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PG&E Shuts Off Power for 24,000 Customers

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NEVADA COUNTY -- Pacific Gas and Electric says it has shut off power for approximately 24,000 customers in portions of Butte, Nevada and Yuba counties Monday evening.

“We de-energize the lines for safety. It’s for the safety of the community,” PG&E spokeswoman Deanna Contreras said on Sunday.

Titus Davis was preparing for the worst Monday.

“I can handle, I think, three days if that’s what it turns out to be,” Davis told FOX40.

With two generators and plenty of fuel, he was ready to power his Nevada County home once PG&E turned off his lines.

“It’s obviously inconvenient but we have a lot to lose here,” he said. “You’re comparing the difference between maybe a few days of inconvenience and not having power versus not having anything."

The electric company shut off power starting around 5 p.m., all to prevent electric lines from sparking wildfires like they have in the past.

“We’re looking for gusty winds, dry conditions and that heightened fire threat to really determine whether or not we are going to shut off the power,” said PG&E spokesperson Brandi Merlo.

They expect the outage to last anywhere from 24 to 48 hours.

“Once the all-clear comes in, we’ll send crews out to patrol all of the lines, make any repairs and we’ll start restoring customers,” Merlo said.

PG&E issued a list of affected communities:

  • BUTTE COUNTY - Bangor, Berry Creek, Brush Creek, Feather Falls, Forbestown, Hurleton, Oroville, Palermo, Rackerby, Yankee Hill
  • NEVADA COUNTY - Grass Valley, Nevada City, Penn Valley, Rough and Ready
  • YUBA COUNTY - Bangor, Browns Valley, Brownsville, Camptonville, Challenge, Dobbins, Forbestown, Loma Rica, Marysville, Oregon House, Rackerby, Smartsville

As Schulte braced for the outage, he was wondering whether it is necessary, saying PG&E could have prevented this with proper maintenance.

“Their infrastructure is pretty old and that’s something that they should have been spending money improving over the years instead of just letting it go to save money and make profit,” he said.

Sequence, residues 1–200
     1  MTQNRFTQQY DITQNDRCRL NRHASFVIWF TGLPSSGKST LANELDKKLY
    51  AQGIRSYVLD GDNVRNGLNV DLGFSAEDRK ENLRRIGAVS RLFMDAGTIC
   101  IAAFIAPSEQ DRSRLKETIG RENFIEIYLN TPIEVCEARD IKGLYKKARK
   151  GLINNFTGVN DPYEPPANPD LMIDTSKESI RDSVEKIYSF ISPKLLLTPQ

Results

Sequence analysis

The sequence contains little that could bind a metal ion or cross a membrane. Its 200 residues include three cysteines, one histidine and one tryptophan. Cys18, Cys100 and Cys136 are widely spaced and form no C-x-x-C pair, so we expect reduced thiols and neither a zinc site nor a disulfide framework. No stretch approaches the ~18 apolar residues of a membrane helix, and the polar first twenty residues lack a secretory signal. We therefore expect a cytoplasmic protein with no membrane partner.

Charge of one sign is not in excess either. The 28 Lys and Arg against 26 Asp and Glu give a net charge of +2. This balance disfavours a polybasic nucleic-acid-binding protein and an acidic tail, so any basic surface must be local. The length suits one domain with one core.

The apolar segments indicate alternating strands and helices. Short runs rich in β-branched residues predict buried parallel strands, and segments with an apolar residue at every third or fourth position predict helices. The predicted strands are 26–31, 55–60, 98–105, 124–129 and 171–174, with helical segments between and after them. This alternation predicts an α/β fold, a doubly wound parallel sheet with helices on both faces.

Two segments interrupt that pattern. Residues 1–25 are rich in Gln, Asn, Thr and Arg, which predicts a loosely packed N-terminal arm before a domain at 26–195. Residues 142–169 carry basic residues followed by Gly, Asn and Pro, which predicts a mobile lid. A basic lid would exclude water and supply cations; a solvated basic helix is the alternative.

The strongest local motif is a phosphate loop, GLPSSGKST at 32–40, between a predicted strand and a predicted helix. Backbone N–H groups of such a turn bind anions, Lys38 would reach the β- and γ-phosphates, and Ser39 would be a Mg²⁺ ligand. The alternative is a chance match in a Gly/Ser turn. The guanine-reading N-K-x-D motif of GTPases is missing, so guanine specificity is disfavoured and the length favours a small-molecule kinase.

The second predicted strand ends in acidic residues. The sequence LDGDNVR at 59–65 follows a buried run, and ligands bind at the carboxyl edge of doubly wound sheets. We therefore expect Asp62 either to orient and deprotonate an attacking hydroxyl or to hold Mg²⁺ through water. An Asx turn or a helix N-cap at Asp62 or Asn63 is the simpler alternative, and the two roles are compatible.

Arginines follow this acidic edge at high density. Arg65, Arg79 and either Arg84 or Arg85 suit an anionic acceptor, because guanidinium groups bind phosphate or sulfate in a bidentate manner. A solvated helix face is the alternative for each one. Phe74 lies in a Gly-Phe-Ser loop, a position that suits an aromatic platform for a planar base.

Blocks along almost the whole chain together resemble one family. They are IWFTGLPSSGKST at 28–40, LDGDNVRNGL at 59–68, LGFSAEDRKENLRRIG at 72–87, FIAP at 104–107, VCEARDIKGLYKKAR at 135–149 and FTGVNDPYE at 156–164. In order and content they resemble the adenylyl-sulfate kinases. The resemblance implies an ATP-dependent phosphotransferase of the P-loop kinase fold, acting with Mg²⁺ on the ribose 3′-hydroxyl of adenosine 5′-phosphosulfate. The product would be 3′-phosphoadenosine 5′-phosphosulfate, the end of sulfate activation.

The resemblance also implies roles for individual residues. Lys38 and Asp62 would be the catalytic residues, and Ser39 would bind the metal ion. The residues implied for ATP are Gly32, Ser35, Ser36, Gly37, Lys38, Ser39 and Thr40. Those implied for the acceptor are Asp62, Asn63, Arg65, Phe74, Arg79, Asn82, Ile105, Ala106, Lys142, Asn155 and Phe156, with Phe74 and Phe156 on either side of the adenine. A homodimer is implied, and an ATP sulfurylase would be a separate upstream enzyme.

With a Red Flag Warning in place across much of Northern California, Cal Fire was getting ready and reminding everyone to have a plan while extra crews were stationed throughout the foothills.

“It’s just a matter of making sure all the pieces are in place,” said Cal Fire Nevada-Yuba-Placer Chief Brian Estes. “Vehicles are fueled and ready to go, you've got a few extra supplies and, most importantly, if the evacuation order comes, get out early.”

It’s advice homeowners like Davis were taking to heart.

“We live out here in the outdoors and we enjoy that a lot. And with the outdoors comes some responsibility to know what to do when things like this happen,” Davis said.

PG&E says affected customers will be alerted shortly beforehand. The company will notify customers through phone calls, email and text messages. Customers can click HERE for more information.

The utility said it will also be watching for another weather event Tuesday evening, which could force more power shutoffs in other counties.

PG&E's lines have been blamed for some of the most devastating wildfires in California history, including 2018's deadly and destructive Camp Fire in Butte County.

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Penn Valley Customers in the Dark With Some Asking "Why?"

Shortly after 5 p.m., the power went out in Penn Valley.

Thanks to a large generator, the True Value hardware store was open for business -- and good thing it was. Manager Tammy Buhman said they sold around 20 generators.

“Non-stop people coming in for propane, for generators, for batteries, flashlights,” she told FOX40. “It’s been crazy today.”

By the end of the business day, they had just two left, with more expected to come in a Tuesday morning shipment.

Across the street, the Penn Valley Market was also on generator power but on a limited basis.

They could only accept cash only while owner Happy Singh hooked up the credit card system to Wi-Fi.

“Maybe in 20 minutes, we will have everything ready. People can pay with the cash or card, anything,” Singh said.

You could say ice was a hot item but the freezers and refrigerators had no power. If the power outage lasts longer than 10 hours, everything in the freezers will have to be thrown out.

“If the power doesn’t come back in 10 hours, I believe we’re losing like six to seven thousand dollars,” Singh explained.

PG&E set up a community service center at Sierra College in Grass Valley where people can go during daylight hours Tuesday and plug into electricity.

And at some busy intersections, like Penn Valley Road and Highway 20, Caltrans has hooked up generators to keep the signal lights running.

PG&E began warning about the preemptive outages over the weekend with fire danger in the forecast. When the power actually went out, however, it came as a shock to some in the community.

“I don’t think PG&E needs to do this. It’s an exercise in futility," one  Penn Valley man said. "They’re just covering themselves and that’s not right. At the cost of the consumer once again."

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